Old Man Hummel recognises the Student from his account to the maid and the corresponding article on him in the newspaper. However, as he informs the Student of his sudden fame, he leaves a pause at the end of a sentence which leaves it ambiguous as to whether the student survived the accident or not: Old Man: … I’ve just been reading about it in the paper… Student: Have they already got hold of it? Old Man: Yes, the whole story; and your picture as well, though they regret not having the name of the brave young student… (Scene 1)
The audience are left to use their imagination to complete the end of Hummel’s sentence, the most likely close being about ‘the brave young student’ who died whilst saving others during the accident. However this is not confirmed and it is up to the producer to follow the concept more prominently of the students death, or to leave it as a more vague and unestablished possibility Similarly the figure of Hummel is an ambiguous figure. His utterances and those from others about him, can be construed in several different ways, so that the audience can never be sure of who he is.
One sentence seems to imply that he is a devil while at the same time having a rational explanation for him being an ordinary old man. When he remarks on the Students pronunciation of the word ‘window’ (a word the Student has clearly not used), the audience could assume that Hummel is tricking the Student into a false familiarity with him. As Springchorn notes, Hummel is described later as a thief who enters through windows to steal human souls, and here we see him as a he first steals into the Student’s life by means of a “window”. 2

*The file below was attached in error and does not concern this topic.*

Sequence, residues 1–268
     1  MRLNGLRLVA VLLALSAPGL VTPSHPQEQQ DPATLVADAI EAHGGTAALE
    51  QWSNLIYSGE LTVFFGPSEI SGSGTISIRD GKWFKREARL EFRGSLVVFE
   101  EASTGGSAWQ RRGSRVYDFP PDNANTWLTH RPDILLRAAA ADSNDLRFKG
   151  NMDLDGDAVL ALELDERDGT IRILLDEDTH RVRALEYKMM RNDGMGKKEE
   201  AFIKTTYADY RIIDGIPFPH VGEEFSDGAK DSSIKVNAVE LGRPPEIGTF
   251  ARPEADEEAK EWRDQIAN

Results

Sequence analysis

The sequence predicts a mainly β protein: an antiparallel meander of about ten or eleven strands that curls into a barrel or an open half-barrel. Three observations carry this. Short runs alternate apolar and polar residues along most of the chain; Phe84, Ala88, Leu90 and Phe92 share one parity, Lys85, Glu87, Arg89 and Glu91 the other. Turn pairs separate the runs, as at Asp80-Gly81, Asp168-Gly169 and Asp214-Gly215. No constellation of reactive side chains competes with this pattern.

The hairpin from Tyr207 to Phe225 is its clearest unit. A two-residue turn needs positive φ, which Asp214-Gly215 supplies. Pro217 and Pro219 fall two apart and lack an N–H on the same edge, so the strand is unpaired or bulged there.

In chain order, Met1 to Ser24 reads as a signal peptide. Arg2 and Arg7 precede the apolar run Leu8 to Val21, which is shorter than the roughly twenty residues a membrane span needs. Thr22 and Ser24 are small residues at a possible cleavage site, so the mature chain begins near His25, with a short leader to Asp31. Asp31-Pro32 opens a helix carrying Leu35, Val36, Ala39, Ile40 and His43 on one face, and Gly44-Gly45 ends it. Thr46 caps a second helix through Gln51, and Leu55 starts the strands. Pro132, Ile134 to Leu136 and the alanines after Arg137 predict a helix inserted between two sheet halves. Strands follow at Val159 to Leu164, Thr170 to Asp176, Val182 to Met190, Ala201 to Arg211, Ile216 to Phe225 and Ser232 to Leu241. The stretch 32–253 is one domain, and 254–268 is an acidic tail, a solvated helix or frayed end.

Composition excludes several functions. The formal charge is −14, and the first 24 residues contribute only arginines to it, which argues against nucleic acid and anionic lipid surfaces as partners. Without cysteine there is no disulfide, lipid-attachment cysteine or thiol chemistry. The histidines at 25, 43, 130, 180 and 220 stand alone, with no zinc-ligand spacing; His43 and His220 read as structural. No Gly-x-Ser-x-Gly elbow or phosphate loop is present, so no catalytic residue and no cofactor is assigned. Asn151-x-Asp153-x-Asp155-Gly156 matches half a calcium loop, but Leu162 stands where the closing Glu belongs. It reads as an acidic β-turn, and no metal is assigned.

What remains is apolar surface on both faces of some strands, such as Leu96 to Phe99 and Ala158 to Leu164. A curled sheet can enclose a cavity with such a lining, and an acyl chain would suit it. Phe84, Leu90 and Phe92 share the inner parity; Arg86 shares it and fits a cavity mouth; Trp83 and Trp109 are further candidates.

In this context, the reference to a window has become symbolic of Hummel’s entry into the Students life, as a supernatural and surreal figure. However, at the same time as being suspicious, Hummel speaks a very rational sentence. He does not say that the student pronounced the word ‘window’, he says that he used to have a friend that spoke like the Student. The use of the word window, is merely a linguistic example to portray the difference of the usual dialect and the dialect of the Student and his Father. Thus the statement may be accepted in two very different ways.
It is up to the producer to use other effects in order to emphasis either of the two interpretations as being more likely. For example, if Hummel is dressed to slightly resemble the devil, more suspicion will be roused from his comment. This is true of any character within the play – it is up to the producer to work on various physical portrayals in accordance with specific interpretations of the language used. In one of Ingmar Bergman’s three productions of Strindberg’s The Ghost Sonata, he attempted to use the same actor to play the parts of both the Student and Hummel.
He found it impossible and the idea was soon discarded, but the fact remains that he saw a connection between the two. Towards the end of the play, the Student appears to be taking on the role of Hummel as he sucks Adele of her life, by revealing the reality to her and then watching her die. Bergman appears to consider the Students relation to Hummel as sinister, but another interpretation could regard it as a relation of opposites. In revealing the truth to Adele, the Student desires to help her remove herself from the corrupt and draining house – a concept that she is not familiar with and therefore can not encompass as a living entity.